The Universal Monsters Movies are the perfect microcosm for exploring the roots of cinema, and for tracing its evolution. Carl Laemmle co-founded Universal in 1908, and twenty years later his son, Carl, Jr., modernized the studio. Though the first of the Universal Monsters pictures originated in the silent film era (1923’s The Hunchback of Notre Dame), it was Carl, Jr. who made horror pictures an area of focus for the studio. “Junior” went all-out to support the production of the films, sometimes sinking more money into them than they would earn back at the box office. Universal shareholders showed him the way out in 1936, but viewers today can see and appreciate the results of the money he was willing to put on the screen.
In a natural stage of the progression of storytelling, several of the early Universal Monsters movies were based on theater plays. Why not? Playwrights had already done the heavy lifting of adapting works of literature for performance; bringing in cameras seemed the obvious next step. One of the key elements of both stage and film has always been makeup, and a tour through the Universal Monsters movies is a history lesson in the development of that craft. Jack Pierce and, later, Bud Westmore (progenitor of the famed Westmore family of makeup artists) established the foundations for movie and TV makeup. Most prolific in the minds of many, of course, is the work of Lon Chaney. “The Man of a Thousand Faces” was a pioneer, both showing what could be done and inspiring generations to explore beyond that. Nearly a century later, his work for Universal is essential viewing for aspiring makeup artists of any medium.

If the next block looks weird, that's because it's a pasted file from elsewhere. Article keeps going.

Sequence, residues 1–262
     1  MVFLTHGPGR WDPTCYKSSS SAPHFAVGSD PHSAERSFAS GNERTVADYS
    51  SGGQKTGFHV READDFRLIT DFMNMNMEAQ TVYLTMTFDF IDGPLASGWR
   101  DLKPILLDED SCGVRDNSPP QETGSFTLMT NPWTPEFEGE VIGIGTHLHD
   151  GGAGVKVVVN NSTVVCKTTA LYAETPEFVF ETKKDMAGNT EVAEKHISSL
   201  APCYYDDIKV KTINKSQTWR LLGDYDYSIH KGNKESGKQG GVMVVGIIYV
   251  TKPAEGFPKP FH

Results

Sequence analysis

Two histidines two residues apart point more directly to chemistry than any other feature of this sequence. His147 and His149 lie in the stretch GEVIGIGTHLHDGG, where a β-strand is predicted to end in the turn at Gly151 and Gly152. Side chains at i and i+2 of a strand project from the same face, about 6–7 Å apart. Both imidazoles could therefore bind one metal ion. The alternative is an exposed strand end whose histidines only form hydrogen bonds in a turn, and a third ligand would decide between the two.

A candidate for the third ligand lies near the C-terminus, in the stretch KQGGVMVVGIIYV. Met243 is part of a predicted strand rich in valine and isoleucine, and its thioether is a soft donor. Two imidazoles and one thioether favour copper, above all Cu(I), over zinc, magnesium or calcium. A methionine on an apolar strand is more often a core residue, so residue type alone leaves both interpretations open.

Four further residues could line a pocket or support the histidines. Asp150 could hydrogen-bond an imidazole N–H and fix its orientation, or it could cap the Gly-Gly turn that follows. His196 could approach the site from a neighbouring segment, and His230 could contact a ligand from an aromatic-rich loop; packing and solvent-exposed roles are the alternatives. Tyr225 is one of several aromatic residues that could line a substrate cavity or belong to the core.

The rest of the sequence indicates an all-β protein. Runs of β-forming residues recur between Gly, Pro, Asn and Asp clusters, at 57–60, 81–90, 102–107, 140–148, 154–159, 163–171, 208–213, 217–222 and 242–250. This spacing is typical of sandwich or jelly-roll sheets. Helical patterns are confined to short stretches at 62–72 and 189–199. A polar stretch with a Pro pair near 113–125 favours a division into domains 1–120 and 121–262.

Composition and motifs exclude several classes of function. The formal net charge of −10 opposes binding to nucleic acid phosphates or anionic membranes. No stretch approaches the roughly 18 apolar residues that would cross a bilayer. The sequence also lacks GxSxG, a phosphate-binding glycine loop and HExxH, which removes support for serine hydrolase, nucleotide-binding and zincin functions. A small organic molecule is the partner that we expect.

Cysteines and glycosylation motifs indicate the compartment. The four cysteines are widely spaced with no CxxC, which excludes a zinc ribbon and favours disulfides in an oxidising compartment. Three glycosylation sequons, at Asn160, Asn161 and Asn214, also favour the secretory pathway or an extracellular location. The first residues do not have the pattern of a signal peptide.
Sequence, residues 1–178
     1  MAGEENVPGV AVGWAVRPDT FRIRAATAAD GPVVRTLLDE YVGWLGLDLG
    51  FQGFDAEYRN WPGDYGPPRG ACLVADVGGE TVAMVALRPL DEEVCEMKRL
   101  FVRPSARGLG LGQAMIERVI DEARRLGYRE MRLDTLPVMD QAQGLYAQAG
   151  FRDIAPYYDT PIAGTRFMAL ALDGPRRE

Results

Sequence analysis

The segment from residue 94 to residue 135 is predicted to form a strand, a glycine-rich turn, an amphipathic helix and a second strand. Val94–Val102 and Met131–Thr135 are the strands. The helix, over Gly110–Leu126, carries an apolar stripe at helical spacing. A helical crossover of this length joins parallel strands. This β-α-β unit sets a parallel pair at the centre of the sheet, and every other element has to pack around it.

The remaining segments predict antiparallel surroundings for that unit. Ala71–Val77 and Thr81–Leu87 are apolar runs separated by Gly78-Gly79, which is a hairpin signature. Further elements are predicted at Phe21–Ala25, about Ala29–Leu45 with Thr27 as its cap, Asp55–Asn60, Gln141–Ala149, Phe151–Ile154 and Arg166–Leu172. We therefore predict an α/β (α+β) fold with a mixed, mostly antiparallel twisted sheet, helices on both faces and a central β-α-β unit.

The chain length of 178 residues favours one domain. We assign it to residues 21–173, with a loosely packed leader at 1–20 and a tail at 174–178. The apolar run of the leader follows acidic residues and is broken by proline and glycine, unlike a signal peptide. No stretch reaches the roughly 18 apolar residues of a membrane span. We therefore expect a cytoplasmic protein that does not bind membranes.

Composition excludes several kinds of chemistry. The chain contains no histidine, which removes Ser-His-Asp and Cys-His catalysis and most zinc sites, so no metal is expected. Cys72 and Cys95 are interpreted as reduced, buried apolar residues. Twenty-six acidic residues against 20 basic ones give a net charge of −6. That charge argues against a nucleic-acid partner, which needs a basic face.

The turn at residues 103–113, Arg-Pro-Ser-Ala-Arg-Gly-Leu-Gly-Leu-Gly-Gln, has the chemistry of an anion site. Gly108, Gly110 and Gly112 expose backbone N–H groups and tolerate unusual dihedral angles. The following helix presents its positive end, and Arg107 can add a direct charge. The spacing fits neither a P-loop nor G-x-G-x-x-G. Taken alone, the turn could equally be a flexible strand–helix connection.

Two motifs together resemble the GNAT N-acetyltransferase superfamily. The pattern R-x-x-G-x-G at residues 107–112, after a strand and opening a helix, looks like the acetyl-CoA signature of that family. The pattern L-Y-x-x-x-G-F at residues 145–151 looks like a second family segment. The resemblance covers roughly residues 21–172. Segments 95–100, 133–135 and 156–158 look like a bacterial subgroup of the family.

Though sequels had already been done by other studios, Universal became the first studio to combine and crossover characters with 1943’s Frankenstein Meets the Wolf Man. Universal’s mashups featuring Dracula, Frankenstein’s Monster, the Wolf Man were the Marvel Cinematic Universe of their day.
An almost entirely forgotten phase of film-making was a brief era in which studios would produce two versions of a film, shot concurrently, for release in different worldwide markets. A print was found in the 1970s of the Spanish language version of Drácula. Comparing and contrasting it with the more iconic English language version is a rare treat for students of film.